In the Czech Republic, the law on employee involvement in the European Company was adopted in December 2004.
No substantial national debate on transposition.
There was no substantial national debate on the transposition of the directive into national law, although the issue of European companies has been seen as potentially important for the Czech Republic, as it could hope to attract some companies to move their head offices there. The Czech Republic also has its own domestic legislation providing for employee board-level representation in a wide range of companies. In the detailed discussions, while the unions attempted to extend employee’s rights as far as possible, the employers were concerned to keep them as limited as possible.
Directive was transposed by law in November 2004, just after the October 2004 deadline.
The directive on employee involvement in European companies was transposed through the following legislation dated 11 November 2004: 627 – Act of 11 November 2004 on the European Company (Zákon č 627/2004 Sb. ze dne 11. listopadu 2004 o evropské splolečnosti).The legislation was in two parts: part one dealt with changes to Czech company law to adapt it to the Regulation on European companies; part two dealt with the involvement of employees in European companies.
Special negotiating body (SNB)
Czech members of the SNB are initially chosen by the unions, where these are present. Only if there is no union are they chosen either by the works council, where one exists, or by representatives specially elected by the employees.
The method of appointing Czech SNB members is not set out in detail in the legislation transposing the European company directive. Instead the legislation states that the choice of Czech SNB members “shall be governed by Section 25e (4) of the Labour Code” as well as the parts of the legislation which determine how SNB members are to be distributed between the participating companies (Section 48). The Labour Code in turn states that Czech SNB members should be appointed by the “employees’ representatives” at a joint meeting (Section 25e Labour Code). However, elsewhere the Labour Code states that “employees’ representatives” can be either the local trade union grouping or a works council. However, the trade union grouping clearly has primacy, as a works council can only be set up if there is no trade union organisation. And it must be dissolved if a trade union organisation is subsequently set up. (Labour Code Sections 24 and 25)
Only if there are no employee representatives, or these representatives fail to function – in other words, where there is no functioning union organisation or works council – do the employees elect representatives specifically for the purpose of choosing Czech SNB members. Voting strength is in line with the number of employees represented (Section 25e Labour Code).
External trade union representatives from the Czech Republic may be members of the SNB.
The legislation specifically states that an individual not employed by the participating companies may represent Czech employees in the SNB “if this person is authorised or delegated by a trade union organisation of such employees” (Section 48).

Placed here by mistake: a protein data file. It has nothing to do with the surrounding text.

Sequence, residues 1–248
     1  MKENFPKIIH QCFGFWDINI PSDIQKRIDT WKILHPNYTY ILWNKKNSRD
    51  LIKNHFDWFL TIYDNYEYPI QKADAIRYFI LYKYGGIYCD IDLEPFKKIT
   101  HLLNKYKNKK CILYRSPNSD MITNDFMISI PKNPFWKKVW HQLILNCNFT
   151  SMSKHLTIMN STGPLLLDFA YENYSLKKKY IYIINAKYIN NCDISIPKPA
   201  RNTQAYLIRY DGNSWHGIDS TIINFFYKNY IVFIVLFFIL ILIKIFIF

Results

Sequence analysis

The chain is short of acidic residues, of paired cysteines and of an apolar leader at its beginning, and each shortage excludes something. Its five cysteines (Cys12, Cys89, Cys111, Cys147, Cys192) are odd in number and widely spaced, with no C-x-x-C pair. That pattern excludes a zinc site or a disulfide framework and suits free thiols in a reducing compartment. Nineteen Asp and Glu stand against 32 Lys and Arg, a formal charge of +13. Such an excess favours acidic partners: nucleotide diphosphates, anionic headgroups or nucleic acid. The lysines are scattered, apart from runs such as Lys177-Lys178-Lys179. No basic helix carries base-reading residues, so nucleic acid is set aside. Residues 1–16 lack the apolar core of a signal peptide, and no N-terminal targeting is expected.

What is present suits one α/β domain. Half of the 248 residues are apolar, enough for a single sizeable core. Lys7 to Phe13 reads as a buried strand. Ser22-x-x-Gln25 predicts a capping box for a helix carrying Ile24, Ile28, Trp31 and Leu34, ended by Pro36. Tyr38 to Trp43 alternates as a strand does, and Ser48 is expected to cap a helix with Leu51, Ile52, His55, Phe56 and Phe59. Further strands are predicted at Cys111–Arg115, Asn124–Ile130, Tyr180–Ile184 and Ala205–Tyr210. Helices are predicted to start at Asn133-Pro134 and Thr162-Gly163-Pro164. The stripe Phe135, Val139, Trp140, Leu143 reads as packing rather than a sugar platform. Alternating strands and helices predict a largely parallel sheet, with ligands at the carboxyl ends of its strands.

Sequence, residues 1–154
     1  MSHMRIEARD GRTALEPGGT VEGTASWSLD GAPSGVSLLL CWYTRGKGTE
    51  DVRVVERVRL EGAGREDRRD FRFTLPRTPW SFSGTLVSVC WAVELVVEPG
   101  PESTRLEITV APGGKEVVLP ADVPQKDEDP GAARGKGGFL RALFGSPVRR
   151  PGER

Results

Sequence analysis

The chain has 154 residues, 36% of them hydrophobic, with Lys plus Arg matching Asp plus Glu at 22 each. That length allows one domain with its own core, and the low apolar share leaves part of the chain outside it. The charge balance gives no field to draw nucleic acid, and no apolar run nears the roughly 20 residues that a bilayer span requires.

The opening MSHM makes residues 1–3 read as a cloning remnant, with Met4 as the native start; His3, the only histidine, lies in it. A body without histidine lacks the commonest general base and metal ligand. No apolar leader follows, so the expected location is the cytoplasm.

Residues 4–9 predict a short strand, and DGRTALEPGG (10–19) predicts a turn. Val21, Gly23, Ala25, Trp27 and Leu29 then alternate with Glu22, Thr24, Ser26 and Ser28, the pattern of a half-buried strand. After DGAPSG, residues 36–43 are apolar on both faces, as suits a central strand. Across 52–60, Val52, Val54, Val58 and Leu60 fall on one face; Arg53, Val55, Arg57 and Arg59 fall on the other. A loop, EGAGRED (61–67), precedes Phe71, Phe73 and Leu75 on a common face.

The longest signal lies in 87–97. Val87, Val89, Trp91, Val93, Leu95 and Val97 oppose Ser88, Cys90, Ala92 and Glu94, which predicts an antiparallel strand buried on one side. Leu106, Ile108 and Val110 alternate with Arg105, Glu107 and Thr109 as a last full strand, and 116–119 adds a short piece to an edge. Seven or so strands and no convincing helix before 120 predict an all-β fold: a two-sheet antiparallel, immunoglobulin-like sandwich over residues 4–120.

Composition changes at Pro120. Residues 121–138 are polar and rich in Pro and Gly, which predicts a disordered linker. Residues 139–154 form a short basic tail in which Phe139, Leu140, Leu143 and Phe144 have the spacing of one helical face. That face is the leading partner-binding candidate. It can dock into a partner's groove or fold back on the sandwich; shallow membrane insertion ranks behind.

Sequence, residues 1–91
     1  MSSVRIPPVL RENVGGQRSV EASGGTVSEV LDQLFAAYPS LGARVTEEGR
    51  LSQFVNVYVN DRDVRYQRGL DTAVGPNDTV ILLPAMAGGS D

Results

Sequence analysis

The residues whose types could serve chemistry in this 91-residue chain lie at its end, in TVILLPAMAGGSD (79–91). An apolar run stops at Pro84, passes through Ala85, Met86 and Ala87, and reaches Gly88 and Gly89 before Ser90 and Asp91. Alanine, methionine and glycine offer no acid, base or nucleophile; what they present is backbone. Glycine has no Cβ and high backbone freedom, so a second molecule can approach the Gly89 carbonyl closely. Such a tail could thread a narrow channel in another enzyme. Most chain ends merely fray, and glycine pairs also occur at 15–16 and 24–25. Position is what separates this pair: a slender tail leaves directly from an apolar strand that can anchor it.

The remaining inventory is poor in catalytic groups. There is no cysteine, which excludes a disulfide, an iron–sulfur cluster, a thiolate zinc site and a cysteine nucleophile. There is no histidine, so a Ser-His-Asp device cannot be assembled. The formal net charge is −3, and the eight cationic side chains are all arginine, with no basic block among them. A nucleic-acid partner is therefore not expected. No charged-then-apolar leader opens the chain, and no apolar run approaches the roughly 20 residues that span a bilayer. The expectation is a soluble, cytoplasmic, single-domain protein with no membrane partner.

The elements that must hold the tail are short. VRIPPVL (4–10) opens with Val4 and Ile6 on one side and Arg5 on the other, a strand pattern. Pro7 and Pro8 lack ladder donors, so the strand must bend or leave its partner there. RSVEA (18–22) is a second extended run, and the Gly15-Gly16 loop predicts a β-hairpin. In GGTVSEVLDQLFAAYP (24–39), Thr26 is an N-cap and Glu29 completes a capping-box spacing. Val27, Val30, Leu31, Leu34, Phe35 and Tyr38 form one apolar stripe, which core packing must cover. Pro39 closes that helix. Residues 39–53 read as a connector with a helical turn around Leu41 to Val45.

The companies are required to fund only one expert at a time.
The legislation makes it clear that the SNB has the right to invite external experts. However, it also states that “without prejudice to the number of invited expert advisers”, the participating companies are only required to pay for one “in a given area” (Section 49).
Standard rules under the fallback procedure
Czech members of the SE representative body are chosen initially through the unions.
Czech members of the SE representative body, known in the Czech legislation as the “employees’ committee” (výbor zamĕstnanců), are selected in a similar way to the method used to choose Czech members of the SNB. However, in the case of the representative body, the mechanism is spelled out in the legislation transposing the European company directive (Section 55), rather than through reference to the Labour Code. The legislation states that members of the employees’ committee are appointed by “employees’ representatives” at a joint meeting. As already noted, the Labour Code states that “employees’ representatives” can be either the local trade union grouping or a works council. However, a works council can only be set up if there is no trade union organisation, and it must be dissolved if a trade union organisation is set up subsequently.
If there are no employee representatives, the employees elect representatives specifically to attend these joint meetings. Voting strength is in line with the number of employees represented.
Czech members of the employees’ committee must come from among the Czech employees of the European company. For the representative body, unlike the SNB, there is no provision for external union representatives to be chosen.
The budget arrangements for the SE representative body are the same as those for the SNB.
The arrangements for the funding of the employees’ committee are the same as those for the funding of the SNB, although this is set out in a separate section (Section 60) rather than just through a reference to the SNB arrangements. This means that the costs of the employees’ council, including the cost of a single expert are borne by the European company. The company is obliged to “ensure that the employees’ committee and its members have sufficient financial material and organisational conditions for the due performance of activities”.
Czech employee representatives at board level are elected by the employees, either directly or through delegates.
Misuse of procedures and structural change
This is not specifically referred to in the Czech legislation
There is no reference to misuse of procedure in the Czech legislation.
The Czech legislation does not refer to structural changes.
There is no reference in the Czech legislation to mechanisms protecting employees’ rights in the event of structural changes after a European company has already been set up.